Wednesday, April 14, 2021

The Marksman Review – IGN

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Liam Neeson’s deep, grizzled voice charisma, which served him very well as an action star later in life, isn’t quite enough to pull The Marksman out of its way. The second directorial effort of producer Robert Lorenz, who was behind most of Clint Eastwood’s 21st century films (including Gran Torino, which this film echoes in some ways), The Marksman – which uses the Neeson’s character skill with a gun far too rarely to warrant this title – is a rather mundane slice of “good guy with a gun” daddy porn. Obviously, Neeson is no stranger to film revenge, but this is his first craze with a problematic grumpy.You can see how The Marksman was crafted with an Eastwood type in mind, perhaps with Eastwood’s political leanings, but the film sidesteps the more serious issues it uses as a backdrop in order to unfold a color-by-number tale involving an old Marine teaching disrespectful punks a lesson. In this case, the Marine is the ranch of Neeson in Arizona, Jim Hanson, and the troublemakers are the cartel killers.

Hanson, whose ownership rests on the US-Mexico border, is somewhat vaguely sectarian. His temperamental nature is explained (ish) by the fact that he is recently widowed and the bank is about to seize his land, but he is still a man who is always disturbed and sidelined by Mexicans. crossing his property illegally, always reporting them to Border Patrol when he sees them. We also see Hanson needing a quick job and being in distress when denied a ditching job because of the day laborers.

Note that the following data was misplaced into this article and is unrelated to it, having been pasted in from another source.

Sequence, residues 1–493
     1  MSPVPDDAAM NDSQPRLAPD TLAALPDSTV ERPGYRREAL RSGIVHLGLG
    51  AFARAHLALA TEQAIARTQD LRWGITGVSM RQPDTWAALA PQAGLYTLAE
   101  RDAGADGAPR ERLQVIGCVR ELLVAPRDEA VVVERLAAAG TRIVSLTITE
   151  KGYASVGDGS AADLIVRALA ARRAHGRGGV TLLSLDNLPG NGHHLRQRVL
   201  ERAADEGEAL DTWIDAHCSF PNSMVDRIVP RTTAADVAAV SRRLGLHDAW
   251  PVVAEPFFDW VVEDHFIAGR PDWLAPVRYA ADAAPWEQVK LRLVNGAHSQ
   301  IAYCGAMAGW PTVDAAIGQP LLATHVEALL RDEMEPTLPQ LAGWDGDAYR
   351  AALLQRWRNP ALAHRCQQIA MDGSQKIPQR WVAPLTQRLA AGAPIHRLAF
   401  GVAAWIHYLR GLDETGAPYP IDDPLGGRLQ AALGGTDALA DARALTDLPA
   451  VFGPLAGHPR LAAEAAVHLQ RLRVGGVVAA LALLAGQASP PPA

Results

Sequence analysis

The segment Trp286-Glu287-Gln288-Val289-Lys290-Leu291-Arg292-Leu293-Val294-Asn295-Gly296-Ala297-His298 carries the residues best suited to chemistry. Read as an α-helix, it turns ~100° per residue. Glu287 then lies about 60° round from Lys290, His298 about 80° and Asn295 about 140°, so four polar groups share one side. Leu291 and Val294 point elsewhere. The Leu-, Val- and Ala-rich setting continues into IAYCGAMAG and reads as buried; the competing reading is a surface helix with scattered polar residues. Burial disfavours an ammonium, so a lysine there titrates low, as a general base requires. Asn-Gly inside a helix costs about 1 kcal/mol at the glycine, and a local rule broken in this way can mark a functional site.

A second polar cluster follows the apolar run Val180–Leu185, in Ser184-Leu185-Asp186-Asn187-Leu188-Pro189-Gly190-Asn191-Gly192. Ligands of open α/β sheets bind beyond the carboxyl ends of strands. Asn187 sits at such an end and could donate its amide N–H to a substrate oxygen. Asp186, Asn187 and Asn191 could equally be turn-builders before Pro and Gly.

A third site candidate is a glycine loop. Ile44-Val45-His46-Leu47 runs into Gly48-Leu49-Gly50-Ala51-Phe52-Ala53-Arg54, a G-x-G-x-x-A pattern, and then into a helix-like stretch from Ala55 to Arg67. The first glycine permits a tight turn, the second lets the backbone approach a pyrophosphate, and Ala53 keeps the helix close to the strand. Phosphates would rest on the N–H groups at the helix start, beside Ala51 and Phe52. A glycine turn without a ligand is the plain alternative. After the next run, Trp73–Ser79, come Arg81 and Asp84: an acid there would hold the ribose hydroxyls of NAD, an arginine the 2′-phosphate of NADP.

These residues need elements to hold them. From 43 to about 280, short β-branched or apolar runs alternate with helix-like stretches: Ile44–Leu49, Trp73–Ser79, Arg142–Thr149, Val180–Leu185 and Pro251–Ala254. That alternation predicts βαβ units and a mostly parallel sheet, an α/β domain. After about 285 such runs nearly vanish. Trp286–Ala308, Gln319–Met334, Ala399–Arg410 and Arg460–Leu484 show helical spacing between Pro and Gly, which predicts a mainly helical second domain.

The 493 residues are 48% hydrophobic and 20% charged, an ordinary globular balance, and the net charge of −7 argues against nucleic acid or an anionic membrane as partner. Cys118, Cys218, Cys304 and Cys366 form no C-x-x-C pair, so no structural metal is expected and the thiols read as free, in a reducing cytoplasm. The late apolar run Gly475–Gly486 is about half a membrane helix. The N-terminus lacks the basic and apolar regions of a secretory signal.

Nothing is said candidly about Hanson’s biases, which is probably a wise move, but it’s also a cowardly move that works to dilute anything potentially interesting. Painting him with a large “misanthropic” brush looks like an escape when you see who exactly in the film he is irritated. We’re just winking here, with phrases like ‘if only the government would do something to fix the mess here’ and ‘the way things are now’. It all just smacks of the creators realizing, as production went on, that maybe now wasn’t the right time to make this movie.

Hanson’s dwindling life, a life of desolation, is interrupted by a Mexican mother and son who flee the Cartel assassins and end up on his ranch. In a quick skirmish with the killers, the mother is fatally wounded, the main cartel brother (Juan Pablo Raba) is eliminated, and Hanson is found reluctantly fulfilling a promise made to the late woman to take her boy, Miguel (Jacob Perez), in Chicago to be with his cousins. As payment, to prevent his land from being sold, Hanson believes he will use the cartel duffel bag the mother was carrying.

As you might expect, Hanson and Miguel bond during their long van ride across the country, and the cold rascal begins to warm up with his mate, ultimately seeing this trip as a mission of last good deed. In the end, it’s not a terrible story. It is observable, in all the weakest ways that the descriptor implies. Just because it’s not fresh doesn’t mean it can sometimes be effective. Tropes exist for a reason, as they are the easiest ways discovered to deliver emotional arcs and moral games. Of course, Neeson plays a reluctant killer here. The one who says to Miguel “there is absolutely nothing that is pleasant to kill another man”. The movie itself might disagree as the genre is designed for revenge.

The Vikings’ Katheryn Winnick is wasted here in what has become the all-too-common role of “woman on the phone,” where, as Hanson’s stepdaughter and US Border Patrol agent, she has plenty of scenes where she has to. to plead. go home and let the system handle things. What starts off as a potentially promising part fades halfway through the film and finds no closure. The film’s ending feels fair enough and dark enough, although it only reinforces the vigilantism like these types of stories usually do.

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